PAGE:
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What you need to know for 07/26/2017

For better business climate in Malta, vote for Klotz

For better business climate in Malta, vote for Klotz

*For better business climate in Malta, vote for Klotz *Town justice needs the experience of candidat

For better business climate in Malta, vote for Klotz

I am writing because I am concerned about the business climate in Malta. In planning circles, Malta was viewed as a model of how to do it right.

The climate has changed, mainly due to the public statements made by Supervisor Paul Sausville. He has discouraged investments, development and business expansion in Malta.

Times have indeed changed and we need new leadership. Peter Klotz is that leadership. He believes we can afford to be more flexible in our recruitment efforts as we try to attract other tenants to the Luther Forest Tech Campus. He will foster better cooperation with businesses and Saratoga County.

Our Malta building department reports a new surge in interest now that form based zoning codes are in place, a measure that was opposed only by Supervisor Sausville.

Peter Klotz wants to bring Malta back to being the envy of the county with our progressive, well-considered plans for smart growth and carefully controlled development. He wants to rebuild good relationships between the town, our businesses and the county.

As a former councilman of 24 years, I am asking you to support new leadership on Sept. 10. Vote for Peter Klotz, vote for a better business climate in Malta.

Cliff Lange


Town justice needs the experience of candidate Sloat

I have known Woody Sloat for 35 years, professionally and personally. He offers Malta voters a special combination of knowledge, experience and preparation as a candidate for your town justice. You can help him continue his career of public service and simultaneously benefit your community by supporting him with your vote.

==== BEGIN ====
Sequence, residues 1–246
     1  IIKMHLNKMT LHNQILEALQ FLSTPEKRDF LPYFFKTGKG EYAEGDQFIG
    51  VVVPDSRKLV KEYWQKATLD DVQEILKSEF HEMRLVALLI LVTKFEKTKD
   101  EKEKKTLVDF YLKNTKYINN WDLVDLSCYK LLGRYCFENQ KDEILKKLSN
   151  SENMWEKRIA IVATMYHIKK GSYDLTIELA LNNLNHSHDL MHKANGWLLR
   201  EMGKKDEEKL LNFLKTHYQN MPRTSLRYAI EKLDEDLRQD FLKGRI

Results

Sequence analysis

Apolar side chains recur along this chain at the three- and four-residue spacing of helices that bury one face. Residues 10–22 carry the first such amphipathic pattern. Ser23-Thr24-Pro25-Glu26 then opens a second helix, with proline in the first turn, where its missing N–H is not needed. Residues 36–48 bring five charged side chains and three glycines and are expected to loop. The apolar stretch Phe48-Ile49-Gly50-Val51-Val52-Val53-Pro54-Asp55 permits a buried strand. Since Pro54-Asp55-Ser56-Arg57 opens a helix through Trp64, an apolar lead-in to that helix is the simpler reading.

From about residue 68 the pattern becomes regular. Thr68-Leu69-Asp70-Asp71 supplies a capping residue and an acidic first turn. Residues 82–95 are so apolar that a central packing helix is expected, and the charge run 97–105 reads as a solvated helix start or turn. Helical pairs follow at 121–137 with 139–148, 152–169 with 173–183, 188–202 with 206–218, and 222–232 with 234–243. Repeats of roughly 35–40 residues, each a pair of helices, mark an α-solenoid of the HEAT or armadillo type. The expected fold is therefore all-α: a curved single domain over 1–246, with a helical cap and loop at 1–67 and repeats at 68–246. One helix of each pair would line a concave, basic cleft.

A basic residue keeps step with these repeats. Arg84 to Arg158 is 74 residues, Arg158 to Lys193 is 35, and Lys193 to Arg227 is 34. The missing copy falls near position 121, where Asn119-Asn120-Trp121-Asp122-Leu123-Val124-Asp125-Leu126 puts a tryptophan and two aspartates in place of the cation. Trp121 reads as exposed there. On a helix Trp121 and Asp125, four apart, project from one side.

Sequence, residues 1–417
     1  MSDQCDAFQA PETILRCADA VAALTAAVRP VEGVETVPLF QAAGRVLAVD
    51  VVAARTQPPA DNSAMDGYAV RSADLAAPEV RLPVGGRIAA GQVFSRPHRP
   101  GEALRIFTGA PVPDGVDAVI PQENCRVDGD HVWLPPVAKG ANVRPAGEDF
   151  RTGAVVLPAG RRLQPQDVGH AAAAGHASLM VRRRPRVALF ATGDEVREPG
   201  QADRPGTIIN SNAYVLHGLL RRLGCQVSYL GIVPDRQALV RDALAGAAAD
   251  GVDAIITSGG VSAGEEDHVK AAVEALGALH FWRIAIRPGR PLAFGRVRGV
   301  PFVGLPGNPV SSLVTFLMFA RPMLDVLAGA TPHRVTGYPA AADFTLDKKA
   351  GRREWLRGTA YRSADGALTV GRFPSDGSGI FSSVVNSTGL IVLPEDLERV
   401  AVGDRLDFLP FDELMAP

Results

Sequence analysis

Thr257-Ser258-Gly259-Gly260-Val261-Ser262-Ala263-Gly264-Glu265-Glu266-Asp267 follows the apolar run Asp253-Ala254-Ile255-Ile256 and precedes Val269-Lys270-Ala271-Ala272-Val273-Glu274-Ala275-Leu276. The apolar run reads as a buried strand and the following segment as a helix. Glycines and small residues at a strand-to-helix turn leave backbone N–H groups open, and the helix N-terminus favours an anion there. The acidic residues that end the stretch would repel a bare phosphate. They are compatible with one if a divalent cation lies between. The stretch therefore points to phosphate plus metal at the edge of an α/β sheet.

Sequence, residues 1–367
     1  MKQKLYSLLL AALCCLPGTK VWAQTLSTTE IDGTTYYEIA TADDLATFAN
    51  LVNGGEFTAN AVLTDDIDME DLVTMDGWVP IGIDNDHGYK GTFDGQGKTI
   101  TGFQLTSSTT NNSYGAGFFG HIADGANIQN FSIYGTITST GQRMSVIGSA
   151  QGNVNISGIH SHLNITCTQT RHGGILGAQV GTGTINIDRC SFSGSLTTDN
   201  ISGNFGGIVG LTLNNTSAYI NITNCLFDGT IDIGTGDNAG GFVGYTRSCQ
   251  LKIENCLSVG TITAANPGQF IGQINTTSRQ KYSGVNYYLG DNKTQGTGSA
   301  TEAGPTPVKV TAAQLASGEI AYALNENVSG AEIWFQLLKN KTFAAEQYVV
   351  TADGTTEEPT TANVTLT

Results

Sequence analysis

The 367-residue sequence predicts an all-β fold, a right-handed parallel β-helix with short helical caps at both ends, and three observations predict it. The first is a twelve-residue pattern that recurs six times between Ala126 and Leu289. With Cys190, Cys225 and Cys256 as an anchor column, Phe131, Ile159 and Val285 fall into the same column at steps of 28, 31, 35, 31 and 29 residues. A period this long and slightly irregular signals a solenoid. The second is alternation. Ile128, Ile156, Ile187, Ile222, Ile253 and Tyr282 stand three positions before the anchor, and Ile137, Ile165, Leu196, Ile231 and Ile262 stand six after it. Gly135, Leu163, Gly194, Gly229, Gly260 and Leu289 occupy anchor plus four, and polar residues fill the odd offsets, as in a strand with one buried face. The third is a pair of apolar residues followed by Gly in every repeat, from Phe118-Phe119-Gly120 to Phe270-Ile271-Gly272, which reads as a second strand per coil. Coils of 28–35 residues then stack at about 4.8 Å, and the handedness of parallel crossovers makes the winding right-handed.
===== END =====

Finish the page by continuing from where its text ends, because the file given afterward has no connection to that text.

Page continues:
Woody excelled throughout his state police career, and was specially selected to be the director of training for the state police because of his demonstrated knowledge of law and ability to educate police officers.

He has extensive knowledge of constitutional, criminal procedure and the other laws that are applicable to the town justice court. Woody oversaw our programs to teach police officers to fairly apply these laws and use reasoned judgment administering tem. As a town justice, he is experienced and well suited to exercise grounded judgment to determine culpability and blame, but also exercise compassion imposing sentencing.

Police are traditionally very involved with community justice courts, and testify in their role as arresting officer, but also frequently serve as the prosecutor in misdemeanor crimes, violations and vehicle and traffic matters. Justice courts are community courts, many with “non-lawyer” justices who effectively serve their community. Woody brings a wealth of legal knowledge and operational experience developed over a long law enforcement career, and deserves your support and vote.

In recent years, there has been a developing trend in some communities where town and village justices experience difficulties regarding availability due to conflicts regarding employment responsibilities and other factors. This is an obstacle, not a bar, to serving as a judge, but still is a legitimate consideration when deciding on the best candidate. In this case, Woody, having just retired from the state police, can be relied on to be readily available and able to provide prompt and efficient service to the community.

James L. Schepperly

Hopewell Junction

The writer is a retired assistant deputy superintendent for the New York State Police.

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